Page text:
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What next for MotoGP?

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Mick - Unregistered

December 13, 2011 9:00 PM

The last true privateer in Motogp/500 to get on the podium was as I said Mackenzie at Donny 1993, the last ture customer privateer was 1989 at the strike hit Misano for Simon Buckmaster and Michael Rudruff. So you see it doesn't happen often, the remaining 9 years of 500 it never happened.
Now with WSB only having a 22 year history, can anybody tell me the last true privateer to podium in that? I dont mean the likes of Liberty Ducati's that use 300km Ducati prepared engines or hand built 3rd party frames. An actual off the shelf and in house modified and tuned bike, as the original rules were.

Etienne Prinsloo - Unregistered

December 13, 2011 9:06 PM

The harsh reality is that globally money has run out.
All the wrangling over TV rights, subscriber channels has hurt the ordinary man's access to racing. Ball based games like soccer appeal to many more people so guess where the sponsors are going. R and D has become heinously expensive and against declining sales figures the cost/benefit ratio is tough to explain to shareholders. Has even F1 got a future in Europe? Some think not. What does the future hold- watered down Moto GP or only WSBK ? Difficult to tell but, in the end, money will decide.

Mick - Unregistered

December 13, 2011 9:23 PM

Embarrassing enough GPone have just put a report up basically what I have written, with some videos of Hartog and Middleburg as the last true privateer victories.

Fat Rabbit Racing - Unregistered

December 13, 2011 9:39 PM

Quote: Dorna boss Carmelo Ezpeleta has said MotoGP has to change to remain viable, telling Motosprint “It's clear by now that the way the bikes are built doesn't work anymore, it's not suited to the world's economic situation anymore.”
So WHY change the rules requiring the factories to design and build new bikes and new engines for what will probably end up a transitional phase of MotoGP? They could have reduced initial costs by sticking with the 800 spec engines against the new CRT bikes, and crash damage costs by stopping the use of carbon fibre bodywork etc, stopping the expensive software for traction / launch/ anti wheelie / etc control.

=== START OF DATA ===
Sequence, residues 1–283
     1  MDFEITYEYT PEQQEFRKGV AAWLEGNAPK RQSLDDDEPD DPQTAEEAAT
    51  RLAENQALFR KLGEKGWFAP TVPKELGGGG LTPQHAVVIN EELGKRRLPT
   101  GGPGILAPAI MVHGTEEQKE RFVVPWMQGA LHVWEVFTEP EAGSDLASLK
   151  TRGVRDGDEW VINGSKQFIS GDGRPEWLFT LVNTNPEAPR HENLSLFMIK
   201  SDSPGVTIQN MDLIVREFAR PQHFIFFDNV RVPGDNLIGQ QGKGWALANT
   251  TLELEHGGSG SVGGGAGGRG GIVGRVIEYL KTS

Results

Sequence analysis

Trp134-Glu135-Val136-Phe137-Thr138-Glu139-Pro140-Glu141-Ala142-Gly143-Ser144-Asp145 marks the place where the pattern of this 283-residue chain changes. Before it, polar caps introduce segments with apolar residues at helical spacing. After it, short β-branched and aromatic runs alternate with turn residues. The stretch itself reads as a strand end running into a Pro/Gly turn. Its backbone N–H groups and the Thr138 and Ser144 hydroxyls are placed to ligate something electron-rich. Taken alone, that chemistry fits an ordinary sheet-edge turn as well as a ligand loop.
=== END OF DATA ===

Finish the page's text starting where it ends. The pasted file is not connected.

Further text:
Mike G

December 13, 2011 9:43 PM

Part of the problem is the CONSTANT changing of the rules. I believe Suzuki would have stayed had they not had to develop an all new bike or if their current 800 would have been competitive with the 1000s. If the rules were constant and the factories were forced to sell (not lease) their used factory bikes, the grid could slowly fill up with used bikes instead of previous years bikes being obsolete.

Go back and watch a mid 80's 500cc race and look at the number of bikes that start the race. How many of those guys are on factory bikes? Very few. The rest are privateers and a lot of those bikes have some age on them. Not possible with today's constant changing of the rules and factories taking their used bikes to either be crushed or put in a museum.

shamarone

December 13, 2011 9:45 PM

re: "The harsh reality is that globally money has run out.
All the wrangling over TV rights, subscriber channels has hurt the ordinary man's access to racing. Ball based games like soccer appeal to many more people so guess where the sponsors are going. R and D has become heinously expensive and against declining sales figures the cost/benefit ratio is tough to explain to shareholders. Has even F1 got a future in Europe? Some think not. What does the future hold- watered down Moto GP or only WSBK ? Difficult to tell but, in the end, money will decide."

etienne's definitely in contention for "most sorted comment" pages 4-6. nice.

kirk66 - Unregistered

December 13, 2011 9:52 PM

Decent article. All I can say is that CRT is the future of GP and EVERY rider knows it. The CRT name will be dropped by 2014 and ALL bikes will be privateer efforts with factory production-based prototype motors. Contridiction? Not really. production based will be the cast parts and all the internals will be full out prototype materials. Since the ECU is a "control" box and the weights of the bikes will be fixed the three biggest hurdles that have to be overcome are getting Suzuki and Kawi back in the game and having Ducati manufacture a 1000cc motor that it can put in a streetbike. The first two are pretty easy. The Ducati situation is a bit tougher. They will have to either modify the new 1000 for street use and drop it in a bike or put the 990 motor into something since the run on the replica is over (I think it is anyway). Simply, Ducati has the toughest job in the CRT transition. Everyone else can come to the party with power in hand.

bjr - Unregistered

December 13, 2011 9:53 PM

If I understand correctly, the FIM have given/leased/sold the rights to run a world motorcycle championship to Dorna. Dorna needs to come up with a set of rules and a racing format that encourages people to compete.

Dorna cannot rely on three manufacturers to provide bikes for everyone to go racing, the manufactures actually want to win, and I'd doubt they provide an equal engine/bike to any team outside the factory effort. It is a competition after all.

Dorna needs to come up with a set of rules and a format that allows anyone to build up a competative bike at a reasonable price from whatever they can get their hands on.

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